If there’s one thing Tennesseans are familiar with, it’s the slap in the face known as “sales tax.”

With most counties in Tennessee having the sales tax cranked up to at least 9.75 percent, you start to get a little irritated when something listed at $10 costs you $11 and when you get to something being sold for $100 actually costing you $110, you’re pretty much ready to tell the salesperson to just forget it.

And don’t even get me started on buying a car. You need a second loan just to pay the sales tax.

Tennessee higher-ups justify the sales tax by saying the state is an oasis by not having an income tax. And I suppose that’s true. If they were to put in an income tax, the sales tax would not go away. It might go down a couple of cents right off the bat, but soon a new need for money would be found, and it would go right back up, and we’d end up being taxed for breathing.

For the past two decades or so, we’ve had some respite from sales tax in the form of online ordering. Sure, Amazon now charges us sales tax because they built some facilities in our fair state, but everything else was fair game. It was a special kind of rush to buy something for $25 and it cost, wait for it...$25!

But now, all of that is going away. The Supreme Court, stacked with people who undoubtedly haven’t been in a store and smacked by sales tax in years, have declared that all online businesses, no matter where they’re located, must collect sales tax.

That low scream of despair you heard was accountants everywhere realizing they’re going to have to keep track of and abide by 16 million different tax rates, give or take a million.

There was a way to get around sales tax on Amazon and other such places. You looked for somebody who was “re-selling” through the site but didn’t have a location in your state. And most offered free shipping, so you thumbed your noses at the bigwigs in Nashville as you saved $4.56 in sales tax.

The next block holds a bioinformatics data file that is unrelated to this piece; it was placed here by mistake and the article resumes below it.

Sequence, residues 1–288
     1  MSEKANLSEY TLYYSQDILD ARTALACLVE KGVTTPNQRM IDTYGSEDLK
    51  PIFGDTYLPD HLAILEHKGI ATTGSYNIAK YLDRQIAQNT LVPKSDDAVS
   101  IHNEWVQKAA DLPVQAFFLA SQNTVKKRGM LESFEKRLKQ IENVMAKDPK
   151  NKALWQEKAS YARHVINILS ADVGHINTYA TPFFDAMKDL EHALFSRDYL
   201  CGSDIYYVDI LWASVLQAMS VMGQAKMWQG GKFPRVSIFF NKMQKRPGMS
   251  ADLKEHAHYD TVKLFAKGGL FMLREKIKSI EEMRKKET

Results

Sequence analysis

No more.

I could be remembering wrong, but it seems like at one point the sales tax rate difference between counties was big enough that you’d make a trip just to save a few cents. If the rate was 8 cents in one county and 6 cents in another, and it was close enough, you could save a few dollars over the course of a month, or even a year.

Now, they all hover between 9.25 and 9.75. I think Sevier County is around 11 percent, but they have some kind of entertainment (tourist trap) tax they add on, so I guess we better hope we never get our own version of Dolly Parton around here.

Will you have to pay sales tax for online purchases based on the county you live in? The state? If it’s just the state, online purchases will still be a little cheaper as the state rate is six cents or so, but if it’s geared toward each county, you’ll pay the same as what you would pay in a store.

Which is what this is all about. Brick and mortar stores, as they’re called, are closing up left and right, though most of the big boys are doing all right. The thinking among the store owners is that if you’re going to pay the same no matter where you shop, then you’ll figure why wait two or three days, or longer, when you can just go to the store and buy it and have it immediately.

I’ve never really bought that as most of the time, cutting out all the middlemen online gives you a cheaper price. Sometimes much cheaper. I’ve seen price differences approaching $50 on some items. That’s worth a few extra tax dollars and avoiding a trip to the store.

Speaking of that, some people also don’t like going to the store, so they’ll never know what you’re charging in the first place.

It is estimated that state and local governments lose out on between $8-$13 billion in sales tax because of online ordering, which is the other reason a very business friendly court ruled gouging us for more would be OK.

We’ll see how it works out, I guess. But don’t think it’ll ever go away. The government is like the mob when it comes to taxes. Once they get a little taste, they’ll never stop eating.

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